Stopping house

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a private residence that also offered room and board, located on early pioneer trails particularly in western Canada. 

"A stopping house was essentially a private residence that also offered room and board, and were located on early pioneer trails. They were similar to the coaching inns of Britain and Ireland except that they were not located on well-traveled routes, but on frontier tracks. Eventually, however, scheduled stagecoach services were started in the West.

Stopping houses often became the nucleus of newly formed communities. They generally disappeared after the railway or highway reached an area, and were replaced with railway hotels and motor hotels in the 20th century.

Some examples of stopping houses include Froggie's Stopping Place on the Whoop-Up Trail, a National Historic Site in Montana, and Robert Telford's House, on the Calgary-Edmonton Trail, near present-day Leduc, Alberta." -Wikipedia, "Stopping house." 

 

McDonald Stopping House

McDonald Stopping House

Near Waskatenau, Alberta, Canada
https://www.historicplaces.ca/en/rep-reg/place-lieu.aspx?id=18805

"The heritage value of the McDonald Stopping House lies in its identity as an excellent example of a rural stopping house, a once common building type in Alberta of which few remain. The founding of Victoria Settlement in the early 1860s and the Hudson's Bay Company post at Fort Victoria (now Pakan) soon after, resulted in a significant amount of travel on the trail between these locations and Fort Edmonton. Along this historic path, which became known as the Victoria Trail, numerous stopping houses were established. Operated mainly by farmers to generate supplementary income, these facilities offered travellers shelter for the night and occasionally provided meals and other goods and services needed on long overland journeys. Stopping houses often became important local commercial and social centres. One such facility on the Victoria Trail was operated by Samuel A. McDonald."

 

 

Johnston-Stevenson Stopping House

Johnston-Stevenson Stopping House
Johnston-Stevenson Stopping House
 

Dan Overes. "Johnston-Stevenson Stopping House." 
DanOCan blog, December 15, 2017. https://danocan.com/2017/12/15/johnston-stevenson-stopping-house/

Once a common site across the prairies, these stopping houses were strategically located to allow travelers a place to grab some food and water and perhaps stay the evening.  They were often stops for stagecoaches.  Clearly this was one of the stops between Calgary and Edmonton, as was the aforementioned Dickson-Stevenson stop just a bit further north of here.

 

The Black Creek Stopping-House (1912 story collection)

McClung, Nellie. "The Black Creek Stopping-House, and Other Stories." 1912. 
https://www.gutenberg.org/ebooks/10164

excerpt from "Chapter II. The House of Bread": 

"Across the level plain which lies between the valley of the Souris and the valley of the Assiniboine there ran, at this time, three trails. There was the deeply-rutted old Hudson Bay trail, over which went the fabulously heavy loads of fur long ago—grass-grown now and broken with badger holes; there was "the trail," hard and firm, in the full pride of present patronage, defying the invasion of the boldest blade of grass; and by the side of it, faint and shadowy, like a rainbow's understudy, ran "the new trail," strong in the certainty of being the trail in time."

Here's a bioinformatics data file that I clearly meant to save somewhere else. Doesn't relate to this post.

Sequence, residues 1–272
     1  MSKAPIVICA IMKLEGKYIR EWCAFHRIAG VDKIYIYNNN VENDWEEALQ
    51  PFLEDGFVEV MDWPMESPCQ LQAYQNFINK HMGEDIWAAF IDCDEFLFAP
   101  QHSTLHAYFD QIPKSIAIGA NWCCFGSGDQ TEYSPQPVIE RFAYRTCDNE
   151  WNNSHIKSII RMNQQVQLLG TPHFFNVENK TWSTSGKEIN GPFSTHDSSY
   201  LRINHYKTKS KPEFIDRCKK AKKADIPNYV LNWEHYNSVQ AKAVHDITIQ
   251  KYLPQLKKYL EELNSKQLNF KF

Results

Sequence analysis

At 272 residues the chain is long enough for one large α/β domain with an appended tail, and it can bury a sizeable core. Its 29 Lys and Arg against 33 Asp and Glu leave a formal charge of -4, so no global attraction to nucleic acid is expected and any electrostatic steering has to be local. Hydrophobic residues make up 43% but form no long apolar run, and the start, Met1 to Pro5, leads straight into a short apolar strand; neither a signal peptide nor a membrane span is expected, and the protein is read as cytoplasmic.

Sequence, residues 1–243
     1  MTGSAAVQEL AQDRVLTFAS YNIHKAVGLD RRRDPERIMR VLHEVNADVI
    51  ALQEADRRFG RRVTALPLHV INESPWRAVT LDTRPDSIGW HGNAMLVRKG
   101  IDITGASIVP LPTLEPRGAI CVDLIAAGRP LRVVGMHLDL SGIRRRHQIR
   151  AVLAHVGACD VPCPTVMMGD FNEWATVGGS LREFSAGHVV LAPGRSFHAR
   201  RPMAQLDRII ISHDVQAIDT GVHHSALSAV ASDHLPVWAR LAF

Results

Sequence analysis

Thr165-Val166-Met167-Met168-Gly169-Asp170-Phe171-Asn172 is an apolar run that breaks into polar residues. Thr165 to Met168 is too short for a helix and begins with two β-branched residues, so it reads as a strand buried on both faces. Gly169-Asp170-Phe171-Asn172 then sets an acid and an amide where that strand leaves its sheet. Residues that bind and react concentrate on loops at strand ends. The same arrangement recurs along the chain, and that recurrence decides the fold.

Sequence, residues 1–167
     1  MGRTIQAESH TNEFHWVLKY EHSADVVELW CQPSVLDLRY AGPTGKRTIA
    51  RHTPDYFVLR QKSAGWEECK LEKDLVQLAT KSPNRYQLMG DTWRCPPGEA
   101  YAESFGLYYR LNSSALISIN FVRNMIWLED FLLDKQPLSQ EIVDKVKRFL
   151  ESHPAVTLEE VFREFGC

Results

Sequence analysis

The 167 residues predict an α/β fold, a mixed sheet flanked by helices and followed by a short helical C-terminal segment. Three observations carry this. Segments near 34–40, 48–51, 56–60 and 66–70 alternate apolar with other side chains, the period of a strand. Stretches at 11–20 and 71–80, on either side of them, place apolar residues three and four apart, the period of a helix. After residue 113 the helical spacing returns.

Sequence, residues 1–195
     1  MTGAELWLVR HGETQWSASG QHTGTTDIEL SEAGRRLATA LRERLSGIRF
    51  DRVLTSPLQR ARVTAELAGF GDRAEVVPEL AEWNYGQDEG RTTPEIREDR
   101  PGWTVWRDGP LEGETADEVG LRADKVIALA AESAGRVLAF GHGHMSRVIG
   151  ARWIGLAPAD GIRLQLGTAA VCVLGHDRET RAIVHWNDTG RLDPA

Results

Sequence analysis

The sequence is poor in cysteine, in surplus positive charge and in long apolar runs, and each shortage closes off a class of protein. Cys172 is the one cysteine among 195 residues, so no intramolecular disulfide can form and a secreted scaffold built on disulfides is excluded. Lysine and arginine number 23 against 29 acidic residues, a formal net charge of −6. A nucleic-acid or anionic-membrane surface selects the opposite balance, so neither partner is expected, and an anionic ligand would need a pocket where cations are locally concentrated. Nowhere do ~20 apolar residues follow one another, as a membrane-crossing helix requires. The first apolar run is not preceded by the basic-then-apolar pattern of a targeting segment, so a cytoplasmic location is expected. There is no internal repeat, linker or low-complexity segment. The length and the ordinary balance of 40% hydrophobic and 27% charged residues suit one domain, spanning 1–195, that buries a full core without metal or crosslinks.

"For miles across the plain the men who follow the trail watch the steep outlying shoulder of the Brandon Hills for a landmark. When they leave the Souris valley the hills are blue with distance and seem to promise wooded slopes, and maybe leaping streams, but a half-day's journey dispels the illusion, for when the traveller comes near enough to see the elevation as it is, it is only a rugged bluff, bald and bare, and blotched with clumps of mangy grass, with a fringe of stunted poplar at the base.
"After rounding the shoulder of the hill, the thick line of poplars and elms which fringe the banks of Black Creek comes into view, and many a man and horse have suddenly brightened at the sight, for in the shelter of the trees there stands the Black Creek Stopping-House, which is the half-way house on the way to Brandon. Hungry men have smelled the bacon frying when more than a mile away, and it is only the men who follow the trail who know what a heartsome smell that is. The horses, too, tired with the long day, point their ears ahead and step livelier when they see the whitewashed walls gleaming through the trees.
"The Black Creek Stopping-House gave not only food and shelter to the men who teamed the wheat to market—it gave them good fellowship and companionship. In the absence of newspapers it kept its guests abreast with the times; events great and small were discussed there with impartial deliberation, and often with surprising results. Actions and events which seemed quite harmless, and even heroic, when discussed along the trail, often changed their complexion entirely when Mrs. Maggie Corbett let in the clear light of conscience on them, for even on the very edge of civilization there are still to be found finger- posts on the way to right living."

 

Egge's Stopping House markert

Egge's Stopping House

http://www.ftedmontonpark.com/egges-stopping-house.html
A reconstruction of the original house which was built in 1898 and located on the Athabasca Trail, about 45 miles north of Edmonton
The House provided meals and rooms for travellers as well as food and shelter for the horses. It also served as the post office and telegraph office for the area.